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Roman Catholicism and Political Romanticism

Rome ou Babel proposes a less romantic Catholicism.

St Peter's Square, Rome, 20th century.
(Photo by The Print Collector/Print Collector/Getty Images)

Rome ou Babel: Pour un christianisme universaliste et enracinéby Laurent Dandrieu, Artege, 400 pages.

Discussions on the American right embrace a wide range of issues. From geopolitics to industrial policy, from criticism of Big Tech monopolies to questions of higher education, to an outside observer the variety of topics covered is striking. Debates on the French right, however, are dominated by two themes: immigration and multiculturalism. And one cannot help but recognize that Catholic voices on the conservative side of this discourse have thus far been either unheard or timid. With his latest book, Rome ou Babel: Pour un christianisme universaliste et enraciné, the essayist Laurent Dandrieu is trying to change that.


Dandrieu is one of the few Catholic intellectuals in France who looks at Pope Francis's pontificate with an unequivocally critical eye. Most conservative French Catholics have tried to avoid addressing elements of the pope's message that appear problematic to them. They emphasize the ecological aspect of Francis's teachings as expressed in the encyclical Laudato si’, and couple it with ideas of degrowth or conservation. This side of the pope's worldview has been accentuated by young Catholics gathered around the Revue Limite magazine, and also by law professor Frédéric Rouvillois, who in his book La clameur de la terre tries to marry the pope’s integral ecology with a critique of modernity and a call for the restoration of monarchy. The issues of immigration, European heritage, and national cultures, meanwhile—often present in Pope Francis’s speeches—are left out of the conversation.

According to Dandrieu, the 2015 migrant crisis exposed a deep fracture among Catholics. When confronted with a "global humanitarian crisis," many of Europe’s Catholics could not believe that at the beginning of the 21st century it was still acceptable to invoke national interest or to speak of European civilization. Francis’s pontificate has highlighted this division running through the Roman Church: between those who see it as a vehicle for a certain kind of globalism and those who remain attached to rooted universalism.

The pope has turned the issue of immigration into a moral core of Catholicism. While his encyclicals contain some ambiguity, his media statements and gestures leave no doubt about his stance. Dandrieu recalls how Francis compared refugee camps to "concentration camps" during his April 22, 2017, homily, or how he argued on the occasion of his February 17, 2017, meetings with students in Rome that "Europe was made from invasions, migrants."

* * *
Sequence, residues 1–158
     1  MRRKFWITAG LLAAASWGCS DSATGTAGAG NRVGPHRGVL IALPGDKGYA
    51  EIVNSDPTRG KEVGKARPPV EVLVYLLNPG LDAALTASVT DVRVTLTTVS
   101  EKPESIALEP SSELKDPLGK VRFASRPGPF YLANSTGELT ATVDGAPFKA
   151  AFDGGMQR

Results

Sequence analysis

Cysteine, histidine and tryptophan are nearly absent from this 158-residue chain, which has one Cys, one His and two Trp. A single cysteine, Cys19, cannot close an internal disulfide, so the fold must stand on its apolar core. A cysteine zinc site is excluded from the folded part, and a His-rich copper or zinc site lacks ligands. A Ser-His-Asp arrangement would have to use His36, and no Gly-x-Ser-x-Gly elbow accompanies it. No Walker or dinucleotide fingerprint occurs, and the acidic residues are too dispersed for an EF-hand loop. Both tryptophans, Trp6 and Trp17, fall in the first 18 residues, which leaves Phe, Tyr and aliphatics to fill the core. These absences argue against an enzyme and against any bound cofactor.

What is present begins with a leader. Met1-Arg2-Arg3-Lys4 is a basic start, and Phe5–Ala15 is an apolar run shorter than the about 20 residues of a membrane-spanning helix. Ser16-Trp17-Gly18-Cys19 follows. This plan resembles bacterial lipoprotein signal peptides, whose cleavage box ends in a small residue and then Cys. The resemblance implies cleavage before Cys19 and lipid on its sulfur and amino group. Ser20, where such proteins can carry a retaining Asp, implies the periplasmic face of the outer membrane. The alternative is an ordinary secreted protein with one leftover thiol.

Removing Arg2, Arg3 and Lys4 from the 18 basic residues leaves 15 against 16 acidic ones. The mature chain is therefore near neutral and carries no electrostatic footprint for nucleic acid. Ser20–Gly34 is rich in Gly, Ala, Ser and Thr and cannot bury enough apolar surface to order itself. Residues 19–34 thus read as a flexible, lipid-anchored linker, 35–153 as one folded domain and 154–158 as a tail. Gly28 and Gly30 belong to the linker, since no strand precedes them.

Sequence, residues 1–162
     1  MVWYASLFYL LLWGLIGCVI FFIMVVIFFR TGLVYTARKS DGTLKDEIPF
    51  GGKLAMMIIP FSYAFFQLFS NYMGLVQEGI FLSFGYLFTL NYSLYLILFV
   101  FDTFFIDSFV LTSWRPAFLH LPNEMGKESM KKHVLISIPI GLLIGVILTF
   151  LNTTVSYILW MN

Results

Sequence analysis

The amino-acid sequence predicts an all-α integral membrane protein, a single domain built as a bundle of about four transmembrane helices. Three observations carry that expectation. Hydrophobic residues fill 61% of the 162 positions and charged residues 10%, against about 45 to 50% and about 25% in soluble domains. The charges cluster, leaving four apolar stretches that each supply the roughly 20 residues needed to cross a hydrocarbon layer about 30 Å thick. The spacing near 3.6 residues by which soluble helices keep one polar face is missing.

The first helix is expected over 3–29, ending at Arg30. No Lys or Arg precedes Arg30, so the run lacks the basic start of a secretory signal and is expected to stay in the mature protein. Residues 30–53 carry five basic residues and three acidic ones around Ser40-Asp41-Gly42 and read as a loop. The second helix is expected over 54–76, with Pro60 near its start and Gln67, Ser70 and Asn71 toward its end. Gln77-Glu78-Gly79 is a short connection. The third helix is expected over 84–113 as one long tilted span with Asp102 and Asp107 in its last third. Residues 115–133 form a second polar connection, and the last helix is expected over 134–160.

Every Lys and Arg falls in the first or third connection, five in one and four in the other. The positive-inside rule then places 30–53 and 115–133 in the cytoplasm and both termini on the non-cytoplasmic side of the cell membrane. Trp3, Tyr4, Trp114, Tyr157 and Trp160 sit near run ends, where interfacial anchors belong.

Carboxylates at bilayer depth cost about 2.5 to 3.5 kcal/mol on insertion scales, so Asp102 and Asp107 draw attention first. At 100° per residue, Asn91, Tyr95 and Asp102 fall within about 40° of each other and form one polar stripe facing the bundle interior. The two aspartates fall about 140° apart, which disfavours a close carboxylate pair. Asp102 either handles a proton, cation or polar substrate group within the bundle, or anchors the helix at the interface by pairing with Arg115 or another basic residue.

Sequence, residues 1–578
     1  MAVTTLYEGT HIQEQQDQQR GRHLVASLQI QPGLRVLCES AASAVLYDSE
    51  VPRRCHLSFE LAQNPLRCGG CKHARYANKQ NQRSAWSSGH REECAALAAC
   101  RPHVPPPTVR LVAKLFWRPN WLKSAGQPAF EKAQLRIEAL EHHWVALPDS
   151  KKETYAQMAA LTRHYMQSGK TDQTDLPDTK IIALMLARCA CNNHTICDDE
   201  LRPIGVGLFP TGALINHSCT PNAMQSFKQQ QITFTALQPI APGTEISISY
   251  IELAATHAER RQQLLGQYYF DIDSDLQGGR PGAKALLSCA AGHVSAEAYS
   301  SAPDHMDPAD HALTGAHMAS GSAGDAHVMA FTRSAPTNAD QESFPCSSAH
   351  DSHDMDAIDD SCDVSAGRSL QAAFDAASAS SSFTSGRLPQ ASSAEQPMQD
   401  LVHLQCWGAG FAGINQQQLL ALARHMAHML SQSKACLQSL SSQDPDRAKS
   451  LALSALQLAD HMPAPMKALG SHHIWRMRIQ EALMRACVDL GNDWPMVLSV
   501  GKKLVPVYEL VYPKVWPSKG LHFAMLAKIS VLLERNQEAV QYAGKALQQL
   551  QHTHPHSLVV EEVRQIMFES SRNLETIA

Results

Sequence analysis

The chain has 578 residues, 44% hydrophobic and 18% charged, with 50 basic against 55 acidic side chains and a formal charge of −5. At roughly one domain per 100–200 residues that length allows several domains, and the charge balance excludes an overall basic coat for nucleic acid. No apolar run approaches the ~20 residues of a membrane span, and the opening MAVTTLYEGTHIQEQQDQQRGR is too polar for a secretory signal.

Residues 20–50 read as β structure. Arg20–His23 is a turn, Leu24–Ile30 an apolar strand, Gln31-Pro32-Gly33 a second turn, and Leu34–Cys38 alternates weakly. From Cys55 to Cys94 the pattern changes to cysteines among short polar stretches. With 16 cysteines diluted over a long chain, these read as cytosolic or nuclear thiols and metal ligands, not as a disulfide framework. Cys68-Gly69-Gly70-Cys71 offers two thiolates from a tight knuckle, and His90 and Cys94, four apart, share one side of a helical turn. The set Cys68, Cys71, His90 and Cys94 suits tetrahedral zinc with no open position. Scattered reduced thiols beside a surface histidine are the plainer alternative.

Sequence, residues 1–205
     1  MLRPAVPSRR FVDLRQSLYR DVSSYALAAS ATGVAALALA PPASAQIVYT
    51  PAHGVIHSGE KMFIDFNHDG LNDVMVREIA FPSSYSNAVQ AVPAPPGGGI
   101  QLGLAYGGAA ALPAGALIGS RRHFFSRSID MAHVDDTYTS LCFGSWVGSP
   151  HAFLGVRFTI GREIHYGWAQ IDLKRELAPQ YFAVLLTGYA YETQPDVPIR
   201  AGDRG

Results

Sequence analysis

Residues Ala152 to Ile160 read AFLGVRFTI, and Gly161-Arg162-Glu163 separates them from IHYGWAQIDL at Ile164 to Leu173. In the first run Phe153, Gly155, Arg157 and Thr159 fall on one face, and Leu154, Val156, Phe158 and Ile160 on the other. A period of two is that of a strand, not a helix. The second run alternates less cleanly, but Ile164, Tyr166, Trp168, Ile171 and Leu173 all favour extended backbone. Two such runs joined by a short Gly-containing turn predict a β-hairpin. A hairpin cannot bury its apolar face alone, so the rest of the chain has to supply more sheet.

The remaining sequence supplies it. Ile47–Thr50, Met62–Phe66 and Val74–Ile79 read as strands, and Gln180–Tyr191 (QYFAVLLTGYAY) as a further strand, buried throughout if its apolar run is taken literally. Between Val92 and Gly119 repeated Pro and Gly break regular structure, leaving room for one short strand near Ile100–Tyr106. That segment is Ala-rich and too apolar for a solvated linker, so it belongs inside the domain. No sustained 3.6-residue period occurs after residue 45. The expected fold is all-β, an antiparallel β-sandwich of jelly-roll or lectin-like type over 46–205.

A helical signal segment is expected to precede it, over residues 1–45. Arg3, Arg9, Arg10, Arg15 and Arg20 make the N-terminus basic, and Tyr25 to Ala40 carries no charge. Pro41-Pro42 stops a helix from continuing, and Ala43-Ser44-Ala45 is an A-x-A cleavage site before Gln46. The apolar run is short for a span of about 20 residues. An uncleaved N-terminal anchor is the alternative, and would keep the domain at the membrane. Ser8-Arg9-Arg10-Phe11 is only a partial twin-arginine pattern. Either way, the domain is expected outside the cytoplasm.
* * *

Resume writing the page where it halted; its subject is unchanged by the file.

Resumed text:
Rome ou Babel not only demonstrates the centrality of the topic of immigration to Francis’s teachings, but also draws attention to a fundamental new development of the pontificate: theology of migration. In conversations with French sociologist Dominique Wolton, which make up the book Politique et société, Francis said that “Our theology is a theology of migrants.” As its redemptive figure is the migrant, this new theology ceases to be Christocentric and becomes “migrantocentric.”

Pope Francis, Dandrieu notes, seems intent on severing the bond between Catholicism and European civilization. In a speech at the European Parliament in 2014, he called Europe a “grandmother” that, no longer capable of renewing itself, should acquiesce to being regenerated by populations from other continents. At the same time, the head of the Catholic Church is wary of referring to Europe’s “Christian roots.” In an interview with the Catholic daily La Croix, he admitted to avoiding the phrase, whose tone can be “vengeful” or “triumphalist” and therefore “colonialist.”


The author of Rome ou Babel rightly points out the absurdity of accusations of colonialism against Europeans when they speak of the Christian sources of their own civilization. The Argentine displays here what demographer Eric Kauffmann has called “asymmetrical multiculturalism.” According to Francis, there are cultures that are allowed to care about their identities—the cultures of migrants coming to Europe—and those, like Europeans, whose concern for their own identity amounts to a sin.

Dandrieu shows that this immigrationist turn did not begin with Francis. The consideration of the issue exclusively from the point of view of migrants, without taking into account the societies that receive them, can already be seen in Pius XII's apostolic constitution, Exsul Familia. The questions of how the scale of migration or cultural background of the newcomers affects host societies are absent in it.